The new Def Leppard album, on sale now via the medium of Classic Rock fanpack (other formats are available), has landed in stores in a cloud of Yorkshire glitter and glass shards. And although the glitter is proverbial, and the glass shards only on the cover art, the glossy, invigorated sentiment is quite real.
Maybe it’s Joe Elliott’s shimmering Loreal locks (because he’s worth it). Maybe it’s all those press-ups Phil Collen must do to maintain that gleaming torso (Phil, you’re in fabulous shape by anyone’s standards, but for godssake button up your shirt…). Or maybe it’s simply that they’ve had a bloody good time making this new record — their first in seven years — following 2008’s not-so-sparkly Songs From The Sparkle Lounge. Either way, Def Leppard is the sound of a genuinely revitalised band, bursting with catchy, mega-horsepower tunes. Coolness be damned. There’s fun to be had – big fun.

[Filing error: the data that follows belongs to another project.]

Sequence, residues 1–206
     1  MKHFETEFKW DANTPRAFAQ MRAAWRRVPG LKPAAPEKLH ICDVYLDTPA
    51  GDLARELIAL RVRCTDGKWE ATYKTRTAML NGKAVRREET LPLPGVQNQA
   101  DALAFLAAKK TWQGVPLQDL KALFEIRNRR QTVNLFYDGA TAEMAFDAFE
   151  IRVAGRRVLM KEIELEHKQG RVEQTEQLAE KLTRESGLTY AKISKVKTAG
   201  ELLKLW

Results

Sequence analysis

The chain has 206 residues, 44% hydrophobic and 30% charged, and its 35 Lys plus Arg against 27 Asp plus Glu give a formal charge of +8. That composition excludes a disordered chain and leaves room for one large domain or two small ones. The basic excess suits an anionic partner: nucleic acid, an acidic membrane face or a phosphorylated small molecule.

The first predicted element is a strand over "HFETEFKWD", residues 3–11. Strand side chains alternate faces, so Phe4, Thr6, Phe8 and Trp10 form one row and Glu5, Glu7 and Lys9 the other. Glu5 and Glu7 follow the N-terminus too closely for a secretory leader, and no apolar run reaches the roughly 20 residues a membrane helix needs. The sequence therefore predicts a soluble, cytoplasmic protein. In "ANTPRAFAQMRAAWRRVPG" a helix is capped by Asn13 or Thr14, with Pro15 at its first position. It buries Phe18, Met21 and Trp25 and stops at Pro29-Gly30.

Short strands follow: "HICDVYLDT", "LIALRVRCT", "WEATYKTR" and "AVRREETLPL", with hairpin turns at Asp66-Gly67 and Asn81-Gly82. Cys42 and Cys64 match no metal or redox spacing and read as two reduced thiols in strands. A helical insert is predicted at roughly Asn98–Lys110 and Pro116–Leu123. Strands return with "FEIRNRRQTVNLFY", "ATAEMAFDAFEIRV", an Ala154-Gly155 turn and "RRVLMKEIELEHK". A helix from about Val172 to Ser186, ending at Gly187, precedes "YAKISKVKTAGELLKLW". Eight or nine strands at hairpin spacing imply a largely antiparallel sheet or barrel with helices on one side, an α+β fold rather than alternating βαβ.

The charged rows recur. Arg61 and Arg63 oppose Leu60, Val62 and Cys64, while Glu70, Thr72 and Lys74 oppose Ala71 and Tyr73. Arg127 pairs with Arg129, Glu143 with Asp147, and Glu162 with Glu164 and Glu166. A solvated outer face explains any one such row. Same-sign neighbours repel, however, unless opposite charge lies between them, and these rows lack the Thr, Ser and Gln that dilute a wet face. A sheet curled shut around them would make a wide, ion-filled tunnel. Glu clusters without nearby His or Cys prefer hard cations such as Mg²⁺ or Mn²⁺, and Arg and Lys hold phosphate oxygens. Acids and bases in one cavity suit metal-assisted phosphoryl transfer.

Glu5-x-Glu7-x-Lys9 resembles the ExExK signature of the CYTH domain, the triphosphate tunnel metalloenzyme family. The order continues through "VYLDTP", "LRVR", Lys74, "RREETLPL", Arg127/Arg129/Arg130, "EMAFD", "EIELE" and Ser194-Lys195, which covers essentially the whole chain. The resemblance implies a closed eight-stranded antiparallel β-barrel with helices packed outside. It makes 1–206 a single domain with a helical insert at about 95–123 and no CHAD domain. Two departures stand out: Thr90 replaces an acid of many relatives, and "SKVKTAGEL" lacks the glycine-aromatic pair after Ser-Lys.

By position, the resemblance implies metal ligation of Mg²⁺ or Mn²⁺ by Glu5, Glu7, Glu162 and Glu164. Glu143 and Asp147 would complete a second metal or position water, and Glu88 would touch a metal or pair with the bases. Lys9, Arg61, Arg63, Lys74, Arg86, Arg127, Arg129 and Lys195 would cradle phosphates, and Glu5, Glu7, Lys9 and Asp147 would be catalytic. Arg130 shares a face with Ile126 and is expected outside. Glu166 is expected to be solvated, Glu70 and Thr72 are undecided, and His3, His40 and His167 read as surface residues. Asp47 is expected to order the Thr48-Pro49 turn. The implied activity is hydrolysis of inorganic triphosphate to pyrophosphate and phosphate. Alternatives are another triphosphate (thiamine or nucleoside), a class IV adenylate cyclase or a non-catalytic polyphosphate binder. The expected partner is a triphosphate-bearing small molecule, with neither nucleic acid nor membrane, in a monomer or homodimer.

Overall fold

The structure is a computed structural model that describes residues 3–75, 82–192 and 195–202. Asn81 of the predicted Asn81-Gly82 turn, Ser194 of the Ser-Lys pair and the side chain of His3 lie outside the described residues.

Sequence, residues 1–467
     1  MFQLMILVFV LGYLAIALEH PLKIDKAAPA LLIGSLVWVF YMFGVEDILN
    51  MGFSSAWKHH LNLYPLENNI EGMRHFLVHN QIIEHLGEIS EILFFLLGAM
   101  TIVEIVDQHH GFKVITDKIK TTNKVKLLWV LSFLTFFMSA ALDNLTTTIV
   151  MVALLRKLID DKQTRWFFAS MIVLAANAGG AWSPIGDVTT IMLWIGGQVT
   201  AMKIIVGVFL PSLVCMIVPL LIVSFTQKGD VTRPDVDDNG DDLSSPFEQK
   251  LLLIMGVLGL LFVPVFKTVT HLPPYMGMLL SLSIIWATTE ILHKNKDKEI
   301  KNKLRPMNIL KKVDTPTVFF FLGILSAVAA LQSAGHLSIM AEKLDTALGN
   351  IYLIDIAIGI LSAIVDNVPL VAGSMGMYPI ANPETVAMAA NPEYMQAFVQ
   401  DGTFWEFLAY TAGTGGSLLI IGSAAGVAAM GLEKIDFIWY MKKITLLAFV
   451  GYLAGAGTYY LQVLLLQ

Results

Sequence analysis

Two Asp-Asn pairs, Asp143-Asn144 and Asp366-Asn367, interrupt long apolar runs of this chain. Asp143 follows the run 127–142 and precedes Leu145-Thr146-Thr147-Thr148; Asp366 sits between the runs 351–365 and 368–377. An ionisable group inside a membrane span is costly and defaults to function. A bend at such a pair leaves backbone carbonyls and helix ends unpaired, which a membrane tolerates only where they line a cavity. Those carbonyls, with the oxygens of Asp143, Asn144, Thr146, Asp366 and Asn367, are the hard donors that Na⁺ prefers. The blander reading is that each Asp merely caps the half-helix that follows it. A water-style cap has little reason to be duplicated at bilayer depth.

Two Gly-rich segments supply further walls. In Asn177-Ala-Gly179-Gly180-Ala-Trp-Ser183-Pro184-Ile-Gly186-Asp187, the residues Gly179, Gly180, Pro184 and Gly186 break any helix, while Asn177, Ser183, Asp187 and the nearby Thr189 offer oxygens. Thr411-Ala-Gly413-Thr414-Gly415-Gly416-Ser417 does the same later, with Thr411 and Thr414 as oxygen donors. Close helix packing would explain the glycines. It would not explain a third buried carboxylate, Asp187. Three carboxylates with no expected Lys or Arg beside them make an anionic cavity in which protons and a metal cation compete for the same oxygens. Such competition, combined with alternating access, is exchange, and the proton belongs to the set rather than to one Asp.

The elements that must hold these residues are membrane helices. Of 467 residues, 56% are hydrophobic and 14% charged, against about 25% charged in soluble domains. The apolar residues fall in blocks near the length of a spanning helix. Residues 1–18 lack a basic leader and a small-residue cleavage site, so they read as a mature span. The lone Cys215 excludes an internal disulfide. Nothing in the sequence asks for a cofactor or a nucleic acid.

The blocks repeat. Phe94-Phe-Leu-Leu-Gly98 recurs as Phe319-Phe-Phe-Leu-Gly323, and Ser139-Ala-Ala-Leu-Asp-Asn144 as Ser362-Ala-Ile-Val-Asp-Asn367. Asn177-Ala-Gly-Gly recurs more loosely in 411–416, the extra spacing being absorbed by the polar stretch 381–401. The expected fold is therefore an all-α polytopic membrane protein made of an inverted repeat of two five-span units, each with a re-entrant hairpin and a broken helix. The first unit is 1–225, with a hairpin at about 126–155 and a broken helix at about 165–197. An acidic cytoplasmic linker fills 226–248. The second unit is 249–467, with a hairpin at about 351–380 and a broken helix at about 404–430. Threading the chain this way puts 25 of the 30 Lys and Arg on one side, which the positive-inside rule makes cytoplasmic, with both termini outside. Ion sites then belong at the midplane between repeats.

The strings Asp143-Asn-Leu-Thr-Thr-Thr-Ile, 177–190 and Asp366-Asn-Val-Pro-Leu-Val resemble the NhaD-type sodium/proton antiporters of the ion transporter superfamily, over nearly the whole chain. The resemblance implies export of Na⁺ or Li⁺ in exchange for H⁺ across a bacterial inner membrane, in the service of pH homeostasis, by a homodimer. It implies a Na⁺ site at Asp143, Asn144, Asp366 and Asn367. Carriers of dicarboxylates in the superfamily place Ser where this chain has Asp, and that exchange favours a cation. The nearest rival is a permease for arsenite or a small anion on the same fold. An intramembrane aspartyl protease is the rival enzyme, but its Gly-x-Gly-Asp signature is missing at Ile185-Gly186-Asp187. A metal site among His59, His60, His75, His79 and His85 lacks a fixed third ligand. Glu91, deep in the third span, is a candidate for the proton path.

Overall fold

Not that it’s fun without substance. Anyone who’s heard Hysteria (1987) and Pyromania (1983) knows what serious business fun can be in the hands of Leppard on top form. The years have been kind to Elliott’s vocals, which sound great here. Guitar work is tight and peppered with flashy solo chops. Kraken-sized riffs in the likes of Dangerous are deliriously good fun. Wings Of An Angel creates contrast with a pensive, steel-eyed gaze. And with 14 tracks packed in (16 including bonuses) there’s no half-baked, ‘elder statesmen’ slowing down here.
Yes slowie We Belong is a bit drippy, and the disco-beating Man Enough sounds so like Queen’s Another One Bites The Dust you expect the cast of We Will Rock You to materialise. But who the hell cares? Def Leppard is the best thing they’ve done since those two aforementioned 80s greats; it doesn’t sound like a band about to pack in, but if they did it wouldn’t be a bad way to go.
Best enjoyed, in the words of fanpack editor Geoff Barton, “with a steak and kidney pie, fried to order.” Like we say, it wouldn’t be a bad way to go…